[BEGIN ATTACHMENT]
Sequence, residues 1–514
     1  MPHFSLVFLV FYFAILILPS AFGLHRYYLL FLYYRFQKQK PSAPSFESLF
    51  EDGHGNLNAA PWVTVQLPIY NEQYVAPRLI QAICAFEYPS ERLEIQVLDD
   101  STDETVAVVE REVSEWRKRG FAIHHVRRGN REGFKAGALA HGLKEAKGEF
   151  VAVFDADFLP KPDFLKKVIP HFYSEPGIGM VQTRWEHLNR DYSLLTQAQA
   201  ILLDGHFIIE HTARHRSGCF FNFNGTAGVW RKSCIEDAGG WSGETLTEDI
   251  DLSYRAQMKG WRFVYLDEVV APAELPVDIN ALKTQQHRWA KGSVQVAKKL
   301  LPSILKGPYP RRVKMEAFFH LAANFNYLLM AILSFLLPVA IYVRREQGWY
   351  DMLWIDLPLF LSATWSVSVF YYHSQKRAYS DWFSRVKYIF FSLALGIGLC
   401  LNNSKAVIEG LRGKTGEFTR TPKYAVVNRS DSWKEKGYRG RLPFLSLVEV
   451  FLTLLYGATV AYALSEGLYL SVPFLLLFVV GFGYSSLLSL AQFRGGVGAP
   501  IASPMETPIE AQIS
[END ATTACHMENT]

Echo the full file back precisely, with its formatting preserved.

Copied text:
Sequence, residues 1–514
     1  MPHFSLVFLV FYFAILILPS AFGLHRYYLL FLYYRFQKQK PSAPSFESLF
    51  EDGHGNLNAA PWVTVQLPIY NEQYVAPRLI QAICAFEYPS ERLEIQVLDD
   101  STDETVAVVE REVSEWRKRG FAIHHVRRGN REGFKAGALA HGLKEAKGEF
   151  VAVFDADFLP KPDFLKKVIP HFYSEPGIGM VQTRWEHLNR DYSLLTQAQA
   201  ILLDGHFIIE HTARHRSGCF FNFNGTAGVW RKSCIEDAGG WSGETLTEDI
   251  DLSYRAQMKG WRFVYLDEVV APAELPVDIN ALKTQQHRWA KGSVQVAKKL
   301  LPSILKGPYP RRVKMEAFFH LAANFNYLLM AILSFLLPVA IYVRREQGWY
   351  DMLWIDLPLF LSATWSVSVF YYHSQKRAYS DWFSRVKYIF FSLALGIGLC
   401  LNNSKAVIEG LRGKTGEFTR TPKYAVVNRS DSWKEKGYRG RLPFLSLVEV
   451  FLTLLYGATV AYALSEGLYL SVPFLLLFVV GFGYSSLLSL AQFRGGVGAP
   501  IASPMETPIE AQIS